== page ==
Joyce Curnell was arrested at a South Carolina hospital last summer for failing to pay court fines and thrown in the Charleston County jail. A day later, she was dead. According to lawyers for her family, Curnell’s death was brought on because she was “deprived of water” by the jail’s medical providers.

The Post and Courier gives more details about her death:

Around noon on July 21, Curnell was taken from Edisto Island by ambulance to the hospital as she complained of nausea and vomiting. She was diagnosed in the emergency room with gastroenteritis, an irritation of the stomach and intestines.

At some point at the hospital, it was discovered that she had a bench warrant in a 2011 shoplifting case. She had been put on a payment plan in April 2012 to cover $1,148.90 in fines related to the charge, according to court records, but she quit paying the following January. After she didn’t respond to a letter from the court, the warrant was issued in August 2014.

No one could tell The Post and Courier how law enforcement got word of the warrant as she lay in the hospital last summer.

The Charleston Police Department was first summoned there, but officers later called deputies from the Sheriff’s Office. Watson said he could not immediately find documentation about how the authorities learned of Curnell’s charge.

The family’s attorney also said he was looking for that explanation.

Curnell was hydrated at the hospital, given medications and told to seek prompt medical attention if she continued to experience pain and vomiting. On top of her illness, she had a history of sickle cell disease, high blood pressure and alcoholism.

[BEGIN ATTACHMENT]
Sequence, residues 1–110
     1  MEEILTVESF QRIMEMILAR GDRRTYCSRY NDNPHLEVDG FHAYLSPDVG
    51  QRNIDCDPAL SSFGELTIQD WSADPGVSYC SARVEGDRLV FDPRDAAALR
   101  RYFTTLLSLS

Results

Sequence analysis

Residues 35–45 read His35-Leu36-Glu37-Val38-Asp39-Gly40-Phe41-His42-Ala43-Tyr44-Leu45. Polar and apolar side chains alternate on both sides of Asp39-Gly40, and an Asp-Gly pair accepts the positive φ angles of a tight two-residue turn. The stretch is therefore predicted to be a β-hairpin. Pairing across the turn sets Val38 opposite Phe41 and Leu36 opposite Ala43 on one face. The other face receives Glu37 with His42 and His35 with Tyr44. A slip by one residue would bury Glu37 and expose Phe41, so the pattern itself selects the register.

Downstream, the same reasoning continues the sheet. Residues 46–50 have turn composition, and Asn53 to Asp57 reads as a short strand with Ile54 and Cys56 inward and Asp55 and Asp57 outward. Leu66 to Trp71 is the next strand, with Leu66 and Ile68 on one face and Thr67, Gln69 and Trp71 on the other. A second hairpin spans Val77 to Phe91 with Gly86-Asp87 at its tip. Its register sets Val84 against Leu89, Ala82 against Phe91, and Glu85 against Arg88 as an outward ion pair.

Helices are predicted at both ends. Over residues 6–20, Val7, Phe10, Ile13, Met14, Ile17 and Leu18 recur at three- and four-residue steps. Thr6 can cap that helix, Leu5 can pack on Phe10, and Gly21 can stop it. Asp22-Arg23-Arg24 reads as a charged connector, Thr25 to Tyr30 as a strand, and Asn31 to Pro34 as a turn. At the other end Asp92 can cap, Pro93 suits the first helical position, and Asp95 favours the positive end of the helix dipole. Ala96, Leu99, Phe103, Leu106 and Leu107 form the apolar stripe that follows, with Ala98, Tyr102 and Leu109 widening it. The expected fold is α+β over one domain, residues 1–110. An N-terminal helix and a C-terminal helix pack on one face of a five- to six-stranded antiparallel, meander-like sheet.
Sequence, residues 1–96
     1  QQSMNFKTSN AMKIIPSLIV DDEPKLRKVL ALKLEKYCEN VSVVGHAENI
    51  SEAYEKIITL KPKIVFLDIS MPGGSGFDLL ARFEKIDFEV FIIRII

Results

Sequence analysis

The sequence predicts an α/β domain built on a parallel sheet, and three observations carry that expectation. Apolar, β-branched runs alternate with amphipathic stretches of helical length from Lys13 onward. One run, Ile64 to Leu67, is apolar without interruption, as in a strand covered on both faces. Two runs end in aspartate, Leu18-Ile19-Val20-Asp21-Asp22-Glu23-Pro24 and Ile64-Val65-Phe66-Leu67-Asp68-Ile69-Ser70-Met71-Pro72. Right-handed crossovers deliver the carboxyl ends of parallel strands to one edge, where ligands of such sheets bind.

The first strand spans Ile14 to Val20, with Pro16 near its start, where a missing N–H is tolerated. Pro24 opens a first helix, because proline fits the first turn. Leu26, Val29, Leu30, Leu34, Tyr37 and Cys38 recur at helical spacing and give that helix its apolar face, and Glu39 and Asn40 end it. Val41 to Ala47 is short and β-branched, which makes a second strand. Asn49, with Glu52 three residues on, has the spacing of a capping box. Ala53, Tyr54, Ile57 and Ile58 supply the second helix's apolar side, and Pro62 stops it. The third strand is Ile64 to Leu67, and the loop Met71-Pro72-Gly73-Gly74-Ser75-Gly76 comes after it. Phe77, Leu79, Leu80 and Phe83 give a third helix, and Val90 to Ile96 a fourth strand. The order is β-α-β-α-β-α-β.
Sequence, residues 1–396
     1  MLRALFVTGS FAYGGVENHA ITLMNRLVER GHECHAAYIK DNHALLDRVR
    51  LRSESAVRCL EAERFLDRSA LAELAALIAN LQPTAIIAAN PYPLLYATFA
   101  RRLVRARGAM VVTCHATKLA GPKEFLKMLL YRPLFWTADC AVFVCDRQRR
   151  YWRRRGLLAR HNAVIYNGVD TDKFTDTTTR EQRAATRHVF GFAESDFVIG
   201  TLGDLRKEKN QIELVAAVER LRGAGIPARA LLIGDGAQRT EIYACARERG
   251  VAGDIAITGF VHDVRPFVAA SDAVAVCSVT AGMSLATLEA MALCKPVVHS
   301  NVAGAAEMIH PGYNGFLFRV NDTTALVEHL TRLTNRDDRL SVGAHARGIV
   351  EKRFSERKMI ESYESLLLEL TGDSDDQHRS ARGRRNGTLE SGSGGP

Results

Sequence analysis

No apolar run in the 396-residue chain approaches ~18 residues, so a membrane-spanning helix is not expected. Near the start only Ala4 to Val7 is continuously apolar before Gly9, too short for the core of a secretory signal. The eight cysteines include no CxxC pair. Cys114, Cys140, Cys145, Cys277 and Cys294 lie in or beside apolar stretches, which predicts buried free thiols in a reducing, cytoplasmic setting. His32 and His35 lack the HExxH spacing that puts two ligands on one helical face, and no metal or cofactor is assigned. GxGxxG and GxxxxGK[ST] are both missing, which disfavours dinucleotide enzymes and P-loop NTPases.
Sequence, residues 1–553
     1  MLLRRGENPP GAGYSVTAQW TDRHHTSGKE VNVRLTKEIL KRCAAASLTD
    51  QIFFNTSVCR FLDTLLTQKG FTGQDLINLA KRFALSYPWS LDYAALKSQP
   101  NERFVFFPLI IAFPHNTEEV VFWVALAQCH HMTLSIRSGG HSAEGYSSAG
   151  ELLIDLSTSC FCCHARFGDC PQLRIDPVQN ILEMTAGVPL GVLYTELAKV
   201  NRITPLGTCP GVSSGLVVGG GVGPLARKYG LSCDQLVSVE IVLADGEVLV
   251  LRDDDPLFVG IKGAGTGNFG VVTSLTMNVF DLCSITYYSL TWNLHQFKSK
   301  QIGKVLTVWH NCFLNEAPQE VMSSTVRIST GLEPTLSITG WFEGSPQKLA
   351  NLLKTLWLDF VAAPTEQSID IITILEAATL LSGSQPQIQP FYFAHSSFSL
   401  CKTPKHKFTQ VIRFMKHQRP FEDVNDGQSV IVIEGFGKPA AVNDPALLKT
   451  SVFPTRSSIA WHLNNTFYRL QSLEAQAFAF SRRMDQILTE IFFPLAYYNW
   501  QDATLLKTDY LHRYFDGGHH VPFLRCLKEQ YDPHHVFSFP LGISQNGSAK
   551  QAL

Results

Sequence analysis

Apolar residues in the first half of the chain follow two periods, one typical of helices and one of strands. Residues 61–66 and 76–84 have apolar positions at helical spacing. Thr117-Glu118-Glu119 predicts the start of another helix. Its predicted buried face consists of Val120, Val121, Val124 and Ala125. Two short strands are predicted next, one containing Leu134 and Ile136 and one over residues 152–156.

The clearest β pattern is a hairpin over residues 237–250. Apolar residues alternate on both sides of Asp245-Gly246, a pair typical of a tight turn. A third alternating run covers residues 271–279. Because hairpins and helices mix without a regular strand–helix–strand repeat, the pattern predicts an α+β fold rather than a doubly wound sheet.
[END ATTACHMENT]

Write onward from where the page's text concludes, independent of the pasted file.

Doctors discharged her from the hospital with instructions. The deputies then took her to the jail around 2:30 p.m. It was her only arrest in South Carolina, according to a SLED background check.

A nurse at the jail who examined Curnell when she got there later told SLED that she was complaining only of a headache, this week’s court filings stated. A doctor prescribed medication for the headache and nausea, but the documents alleged that the staffers didn’t follow the hospital doctor’s recommendations.

Instead of staying in the jail’s medical facility, Curnell was taken to a housing unit. Jail officers reported later that she vomited “through the night” and “couldn’t make it to the bathroom,” the documents stated. They gave her a trash bag.

The jailers said they informed the medical staff of Curnell’s condition, but the experts “refused to provide any medical attention to (her) whatsoever,” the court documents stated.

She couldn’t eat breakfast the next morning. No records indicated that she was given water or intravenous fluids to prevent dehydration, the filings added.

A sheriff’s incident report stated that the medical staff checked her around 2 p.m., but within three hours, she was dead.

James Moore II, an attorney for Curnell’s family, filed notice that his clients intend to sue the jail’s medical contractor, claiming a “deliberate failure” led to Curnell’s death.

“Providing access to reasonable medical care to those under police custody is a necessity, not a privilege,” he said. “It is a constitutional right. We are committed to seeking justice for Joyce and for her family.”

A doctor hired as an expert witness said Curnell would have likely survived had she received proper care and hydration. Curnell’s family is suing Carolina Center for Occupational Health for malpractice, and if a settlement isn’t reached, the suit will be adjudicated during a trial.

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